By Danielle Langenderfer

Marketing with Marketo is more targeted and more powerful than ever. Unfortunately, if you don’t have a firm grasp on what your Marketo platform can and can’t do, it’s easy to feel like you’re drowning in information. 

Luckily, there are a pair of Marketo organizing features that can work miracles: workspaces and partitions. Although it’s not uncommon for this duo to be mentioned in the same breath, they are not the same. 

Wondering what the differences between Marketo partitions and workspaces are, and how to use them to simplify work for your marketing team? Here are the differences and how you should be using each.

What’s the difference between partitions and workspaces?

Workspaces and partitions are both Marketo features that organize and simplify marketing work. Although they’re often used together, partitions and workspaces each have a unique function. 

Both manage permissions and are a way of organizing your contacts and marketing teams. However, workspaces house marketing content, and partitions provide access to Marketo contacts. With these Marketo functions in mind, here’s more on the two key differences between partitions and workspaces: 

1. Marketers can use workspaces to manage marketing assets.

Workspaces give marketers a way to organize Marketo content and keep the marketing team from being flooded with the wrong content. This tool is especially helpful for global enterprises or companies that promote a wide stream of product offerings. 

For instance, imagine your company operates in North America, Europe, and South America. Your marketing materials, such as assets in your Marketo Design Studio or marketing activities, may vary drastically by region. By setting up separate workspaces for each region, you can keep marketers from having to sift through piles of the wrong branding, messaging, or campaign pieces. 

2. Marketers can use partitions to manage marketing contacts.

Partitions work with workspaces to create even more defined lanes. Unlike workspaces, partitions house people: your Marketo contacts and leads. 

For example, you may have separate marketing teams that deal only with separate products. In this instance, you could set up a partition so that a marketer who’s dealing with Product A is only dealing with contacts associated with Product A. All the while, those marketers can zoom in on targeting messages for Product A without having to wade through contacts who are only interested in Product B. 

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How do workspaces and partitions work together?

The way your company uses workspaces and partitions depends entirely on your business model—and so does the way you set up workspaces and partitions. For instance, you can create a 1:1 workspace to partition ratio. You can also assign one partition to multiple workspaces. One thing to keep in mind when determining your workspace and partition setup is that a single person can only exist in one partition at a time.

Here are some instances where a marketing team might use workspaces and partitions:

Splitting Up Regions

One common instance where organizations need workspaces and partitions is when they have marketers split across global regions. For instance, you may have marketing and sales teams operating in North American and Europe. As mentioned before, you can set up workspaces to share content via each area.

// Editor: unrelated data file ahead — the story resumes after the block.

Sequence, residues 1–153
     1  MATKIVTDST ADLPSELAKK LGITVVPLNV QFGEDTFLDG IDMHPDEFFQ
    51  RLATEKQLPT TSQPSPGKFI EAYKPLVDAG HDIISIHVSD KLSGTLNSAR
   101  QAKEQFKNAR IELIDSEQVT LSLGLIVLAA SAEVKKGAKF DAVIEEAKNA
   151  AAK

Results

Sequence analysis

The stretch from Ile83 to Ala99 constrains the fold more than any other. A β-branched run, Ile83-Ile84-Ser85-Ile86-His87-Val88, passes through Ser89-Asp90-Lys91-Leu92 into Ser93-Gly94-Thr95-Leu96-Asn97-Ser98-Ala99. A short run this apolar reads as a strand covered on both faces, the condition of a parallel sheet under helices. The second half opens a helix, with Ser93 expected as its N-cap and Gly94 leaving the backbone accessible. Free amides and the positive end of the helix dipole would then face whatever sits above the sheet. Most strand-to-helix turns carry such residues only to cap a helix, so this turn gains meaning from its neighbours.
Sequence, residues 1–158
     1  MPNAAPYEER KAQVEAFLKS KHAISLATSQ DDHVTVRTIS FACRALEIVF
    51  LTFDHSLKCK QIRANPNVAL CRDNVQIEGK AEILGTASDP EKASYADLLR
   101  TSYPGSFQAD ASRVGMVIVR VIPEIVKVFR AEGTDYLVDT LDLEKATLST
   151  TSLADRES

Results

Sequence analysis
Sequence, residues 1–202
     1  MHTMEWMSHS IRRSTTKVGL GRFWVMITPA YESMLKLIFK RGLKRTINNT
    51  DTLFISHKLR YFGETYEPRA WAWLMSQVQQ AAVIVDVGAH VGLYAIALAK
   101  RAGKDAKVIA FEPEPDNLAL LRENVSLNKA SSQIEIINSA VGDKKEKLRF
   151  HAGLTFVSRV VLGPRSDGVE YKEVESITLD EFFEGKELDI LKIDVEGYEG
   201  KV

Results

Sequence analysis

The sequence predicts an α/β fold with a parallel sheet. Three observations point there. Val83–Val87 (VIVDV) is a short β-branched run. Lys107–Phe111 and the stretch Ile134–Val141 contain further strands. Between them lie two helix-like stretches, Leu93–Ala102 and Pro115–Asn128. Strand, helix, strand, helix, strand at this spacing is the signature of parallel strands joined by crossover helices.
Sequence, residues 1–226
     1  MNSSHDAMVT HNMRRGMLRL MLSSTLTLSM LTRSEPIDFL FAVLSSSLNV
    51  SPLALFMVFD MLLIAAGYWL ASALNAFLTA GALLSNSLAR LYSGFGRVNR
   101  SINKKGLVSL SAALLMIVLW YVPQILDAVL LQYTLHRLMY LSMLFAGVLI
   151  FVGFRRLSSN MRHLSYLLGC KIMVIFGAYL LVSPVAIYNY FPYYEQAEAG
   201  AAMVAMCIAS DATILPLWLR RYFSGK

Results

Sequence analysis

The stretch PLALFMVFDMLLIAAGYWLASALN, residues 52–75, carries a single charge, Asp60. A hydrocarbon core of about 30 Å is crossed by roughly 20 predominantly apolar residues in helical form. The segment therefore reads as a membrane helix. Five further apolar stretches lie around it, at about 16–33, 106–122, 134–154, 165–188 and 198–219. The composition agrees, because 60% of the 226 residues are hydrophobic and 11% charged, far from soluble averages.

However, you can use partitions to take that all a step further. For instance, maybe you need U.S. marketers to have access only to contacts in a sub-region—the Southwest, Northeast, or Midwest. Basically, you can set up partitions to refine your team’s access to contacts within those areas. 

Dividing Product Lines

Another common instance where marketers benefit from these tools is when the organization has distinct business lines. If you need a team to work with specific marketing assets related to a product, you can accomplish this through Marketo workspaces. At the same time, you can parse the contacts within those product lines via partitions. If a person may potentially buy from multiple product lines, you may want to have multiple workspaces but a singular partition.

Creating B2B and B2C Lanes

Oftentimes, an organization will need to separate marketing materials by geography or product. Then you might also need to divide your B2B and B2C contacts. This is another instance where you can assign partitions and workspaces that keep information clean and on track.

It’s worth noting that these are just a few common examples of instances when companies can benefit from workspaces and partitions. Ultimately, the way you use these tools best will depend on your organization and how you want to divvy up permissions. 

Who needs workspaces and partitions?

The specific use cases for workspaces and partitions come in all shapes and forms. However, the simplest way to know if you need workspaces and partitions is to ask yourself if you’ll benefit from restricting, or concentrating, access to content or contacts. On the flip side, if you share information across all your departments and share access between all teams, workspaces and partitions probably aren’t for you. 

In all cases, before you set up workspaces and partitions, it’s worth sitting down, mapping out your business’s marketing needs, or consulting a marketing partner who understands the ins and outs of Marketo. 

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Danielle Langenderfer

About the author

Danielle Langenderfer was formerly a Marketing Automation Manager based in Cleveland, OH. Dani provided Marketo expertise and support in everything from implementation through to strategy and execution. Outside of work, you can find Dani playing with her daughter, crafting, or cooking/baking. Read more articles by Danielle Langenderfer.

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